And then we were off! We started with a short hike to the first climbing section. After the first awkward experiences of unclipping and re-clipping the lanyards across the many connections, it all became intuitive and the climbing became part of the experience. Katsu recommended using the cable to help climb, and it became second nature to trust it as a consistent handhold along the way.
The route consists of a combination of hiking and climbing, with some really intense sections and obstacles along the way! Our first obstacle was a 55m suspension bridge. It swayed with each step and as multiple people crossed, the sways became more and more unpredictable. It somewhat reminded me of walking on a boat in big weather. Except we were walking over a steep chasm that seemed to fall away forever! It was exciting – and stunning.
The mountain views surrounding us were breathtaking. Having lived in the mountains for years – and having guided in the backcountry in Banff – you’d think I would be used to the view. But every step along the route had amazing mountain scenery. Seeing it from the cliff face, uninterrupted by any obstacles, was a unique perspective on the landscape.
We crossed other exciting and terrifying obstacles. There was a two-wire bridge, which required us to walk sideways with our feet on the lower wire and our hands on the upper one. The three-wire bridge might sound more comfortable because of the addition of an extra wire, but it was just as wobbly as the suspension bridge and it was somehow scarier. We crossed this obstacle twice as we neared the East Summit of Mt Norquay. The final, vertical climb to the top was as exhausting as it was rewarding.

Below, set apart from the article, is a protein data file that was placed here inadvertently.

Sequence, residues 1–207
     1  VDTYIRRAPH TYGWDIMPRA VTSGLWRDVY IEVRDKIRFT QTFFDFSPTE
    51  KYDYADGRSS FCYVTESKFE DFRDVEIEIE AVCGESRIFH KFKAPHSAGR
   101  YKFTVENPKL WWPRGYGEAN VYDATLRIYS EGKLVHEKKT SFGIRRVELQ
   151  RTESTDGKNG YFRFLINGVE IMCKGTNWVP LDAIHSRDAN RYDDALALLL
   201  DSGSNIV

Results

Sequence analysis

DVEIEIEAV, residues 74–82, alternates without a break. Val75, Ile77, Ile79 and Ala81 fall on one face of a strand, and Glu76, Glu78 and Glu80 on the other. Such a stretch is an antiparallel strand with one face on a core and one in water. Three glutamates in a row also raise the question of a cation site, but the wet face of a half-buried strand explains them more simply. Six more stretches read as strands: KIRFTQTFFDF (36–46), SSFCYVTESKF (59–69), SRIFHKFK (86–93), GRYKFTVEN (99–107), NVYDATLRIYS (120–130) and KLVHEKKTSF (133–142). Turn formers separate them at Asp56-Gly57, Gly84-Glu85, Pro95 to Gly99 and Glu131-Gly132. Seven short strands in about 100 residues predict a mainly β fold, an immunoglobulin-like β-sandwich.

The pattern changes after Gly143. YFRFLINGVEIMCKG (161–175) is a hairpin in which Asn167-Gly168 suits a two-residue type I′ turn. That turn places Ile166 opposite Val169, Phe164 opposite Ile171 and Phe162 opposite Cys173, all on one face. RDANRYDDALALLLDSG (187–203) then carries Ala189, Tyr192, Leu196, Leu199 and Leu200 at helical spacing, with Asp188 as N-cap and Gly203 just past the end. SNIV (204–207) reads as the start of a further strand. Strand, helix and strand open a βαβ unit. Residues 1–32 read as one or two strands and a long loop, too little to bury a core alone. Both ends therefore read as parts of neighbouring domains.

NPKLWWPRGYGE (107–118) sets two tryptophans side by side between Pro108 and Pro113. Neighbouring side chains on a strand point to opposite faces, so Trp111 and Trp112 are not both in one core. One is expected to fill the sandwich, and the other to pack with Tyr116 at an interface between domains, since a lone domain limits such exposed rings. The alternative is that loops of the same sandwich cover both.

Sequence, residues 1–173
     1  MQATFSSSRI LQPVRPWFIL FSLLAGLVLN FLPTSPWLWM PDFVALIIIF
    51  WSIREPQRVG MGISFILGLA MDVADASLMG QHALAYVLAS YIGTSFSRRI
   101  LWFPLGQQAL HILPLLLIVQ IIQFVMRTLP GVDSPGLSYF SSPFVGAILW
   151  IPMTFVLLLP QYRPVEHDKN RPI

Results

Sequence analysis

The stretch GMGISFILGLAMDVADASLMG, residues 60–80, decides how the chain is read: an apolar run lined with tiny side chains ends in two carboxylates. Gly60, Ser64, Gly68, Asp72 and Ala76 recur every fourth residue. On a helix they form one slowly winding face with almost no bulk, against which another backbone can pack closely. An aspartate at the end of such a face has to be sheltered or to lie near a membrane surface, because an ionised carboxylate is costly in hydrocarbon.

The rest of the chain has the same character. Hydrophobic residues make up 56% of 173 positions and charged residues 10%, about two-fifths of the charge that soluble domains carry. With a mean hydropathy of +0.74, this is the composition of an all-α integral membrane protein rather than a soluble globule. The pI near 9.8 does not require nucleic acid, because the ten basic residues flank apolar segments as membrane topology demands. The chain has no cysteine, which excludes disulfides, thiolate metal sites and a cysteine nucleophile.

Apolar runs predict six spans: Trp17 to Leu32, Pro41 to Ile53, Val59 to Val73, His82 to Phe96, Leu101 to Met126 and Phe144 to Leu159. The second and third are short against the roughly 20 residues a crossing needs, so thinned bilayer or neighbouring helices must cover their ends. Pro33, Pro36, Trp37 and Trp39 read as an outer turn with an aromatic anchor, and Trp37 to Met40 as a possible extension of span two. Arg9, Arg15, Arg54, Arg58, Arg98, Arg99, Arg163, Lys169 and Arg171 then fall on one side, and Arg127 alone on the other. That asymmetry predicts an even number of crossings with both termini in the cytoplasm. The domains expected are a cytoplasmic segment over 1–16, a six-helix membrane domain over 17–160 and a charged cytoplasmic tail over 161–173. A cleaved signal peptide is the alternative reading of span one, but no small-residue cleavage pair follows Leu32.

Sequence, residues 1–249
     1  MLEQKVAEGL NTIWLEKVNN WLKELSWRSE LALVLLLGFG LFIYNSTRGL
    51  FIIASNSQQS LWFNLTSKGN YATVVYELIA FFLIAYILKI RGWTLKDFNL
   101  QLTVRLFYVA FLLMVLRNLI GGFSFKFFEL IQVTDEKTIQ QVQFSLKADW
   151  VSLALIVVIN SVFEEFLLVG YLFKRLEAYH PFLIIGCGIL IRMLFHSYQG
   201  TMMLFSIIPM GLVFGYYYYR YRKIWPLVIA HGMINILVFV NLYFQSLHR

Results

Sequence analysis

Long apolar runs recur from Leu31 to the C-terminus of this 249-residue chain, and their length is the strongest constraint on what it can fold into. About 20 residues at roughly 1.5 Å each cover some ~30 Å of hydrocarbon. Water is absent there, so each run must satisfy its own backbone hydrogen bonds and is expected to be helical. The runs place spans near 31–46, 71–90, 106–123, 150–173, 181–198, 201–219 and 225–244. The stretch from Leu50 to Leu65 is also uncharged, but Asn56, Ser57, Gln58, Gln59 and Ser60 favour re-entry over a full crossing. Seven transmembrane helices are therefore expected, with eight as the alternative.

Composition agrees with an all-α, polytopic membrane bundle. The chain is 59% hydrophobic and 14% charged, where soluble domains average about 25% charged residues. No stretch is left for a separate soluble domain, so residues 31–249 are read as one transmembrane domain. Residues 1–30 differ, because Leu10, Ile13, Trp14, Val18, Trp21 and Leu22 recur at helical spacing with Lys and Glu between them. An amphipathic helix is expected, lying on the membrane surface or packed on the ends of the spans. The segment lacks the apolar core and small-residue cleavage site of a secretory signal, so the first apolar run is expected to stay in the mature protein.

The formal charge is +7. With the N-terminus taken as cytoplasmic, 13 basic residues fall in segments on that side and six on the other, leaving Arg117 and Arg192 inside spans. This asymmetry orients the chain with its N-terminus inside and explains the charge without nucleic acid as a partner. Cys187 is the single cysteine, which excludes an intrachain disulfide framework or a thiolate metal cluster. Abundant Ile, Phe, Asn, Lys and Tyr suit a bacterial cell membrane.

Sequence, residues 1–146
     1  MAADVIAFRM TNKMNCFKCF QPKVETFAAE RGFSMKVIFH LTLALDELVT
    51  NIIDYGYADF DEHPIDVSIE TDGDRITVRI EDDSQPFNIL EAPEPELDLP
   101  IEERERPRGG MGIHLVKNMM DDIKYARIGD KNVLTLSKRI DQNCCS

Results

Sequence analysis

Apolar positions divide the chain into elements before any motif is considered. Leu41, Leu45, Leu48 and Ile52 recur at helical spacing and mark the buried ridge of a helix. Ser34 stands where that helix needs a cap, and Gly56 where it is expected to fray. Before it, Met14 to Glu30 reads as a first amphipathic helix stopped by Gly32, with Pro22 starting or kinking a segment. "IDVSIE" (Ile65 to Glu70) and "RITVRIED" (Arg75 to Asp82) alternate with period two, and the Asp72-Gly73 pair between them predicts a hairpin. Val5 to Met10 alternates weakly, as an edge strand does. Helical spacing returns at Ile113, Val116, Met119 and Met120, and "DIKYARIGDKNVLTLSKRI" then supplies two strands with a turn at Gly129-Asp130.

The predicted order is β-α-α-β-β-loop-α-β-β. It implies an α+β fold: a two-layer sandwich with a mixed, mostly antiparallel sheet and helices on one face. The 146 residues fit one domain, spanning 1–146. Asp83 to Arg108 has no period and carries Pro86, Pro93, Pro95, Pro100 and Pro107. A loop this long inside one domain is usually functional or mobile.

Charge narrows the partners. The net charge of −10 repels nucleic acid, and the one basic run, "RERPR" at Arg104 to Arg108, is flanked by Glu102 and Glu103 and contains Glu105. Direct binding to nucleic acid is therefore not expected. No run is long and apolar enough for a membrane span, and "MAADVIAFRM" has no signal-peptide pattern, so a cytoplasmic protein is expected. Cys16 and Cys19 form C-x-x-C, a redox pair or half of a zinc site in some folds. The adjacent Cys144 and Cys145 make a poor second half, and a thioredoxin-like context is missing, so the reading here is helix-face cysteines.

And then we were at the top! 360-degree views of nothing but mountains and the townsite of Banff nestled below. Wow. We ate our lunch at this breathtaking viewpoint surrounded by the Rocky Mountains. It was stunning.
All too soon, it was time to climb down. We wore the gloves provided and Katsu showed us the easiest way to navigate the steep sections: by walking backwards while supporting our weight on the steel cable. The gloves meant our hands wouldn’t be rubbed raw during this process. Climbing down has a very different set of challenges than climbing up. But after a steep descent and a final crossing of the three-wire bridge, we wrapped our lanyards around our waists and hiked most of the way back down to the Cliffhouse Bistro.
The hike was steep and rewarding, with a few sections of metal cable on the really steep sections. Katsu explained how large rocks were helicoptered in to make steps during this descent. It was an expensive addition to the hike, but it was a welcome relief on the steep trail. I’m pleased to say my new boots did the trick and I was comfortable during the entire hike down.
Our tour didn’t end when we reached the Bistro. We were rewarded for our efforts with beer or wine and charcuterie, all included with the price of the trip. We laughed, socialized and reflected on the experience of being wannabe mountain climbers for the day.
After another chairlift ride to the bottom of the mountain, it was time to go home. It was a day well-spent, and if ever you’re looking to try mountain climbing with the safety and security of a guided tour, I highly recommend the Via Ferrata excursions from Mount Norquay.